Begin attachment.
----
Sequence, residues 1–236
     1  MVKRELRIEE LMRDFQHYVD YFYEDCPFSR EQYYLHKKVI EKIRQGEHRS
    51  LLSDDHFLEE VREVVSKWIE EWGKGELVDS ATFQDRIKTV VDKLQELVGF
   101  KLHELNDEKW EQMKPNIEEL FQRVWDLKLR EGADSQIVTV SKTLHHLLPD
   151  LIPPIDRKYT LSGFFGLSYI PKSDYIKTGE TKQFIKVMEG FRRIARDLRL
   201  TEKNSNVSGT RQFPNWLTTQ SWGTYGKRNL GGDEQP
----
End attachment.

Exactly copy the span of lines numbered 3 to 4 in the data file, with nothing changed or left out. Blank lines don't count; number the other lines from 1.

    51  LLSDDHFLEE VREVVSKWIE EWGKGELVDS ATFQDRIKTV VDKLQELVGF
   101  KLHELNDEKW EQMKPNIEEL FQRVWDLKLR EGADSQIVTV SKTLHHLLPD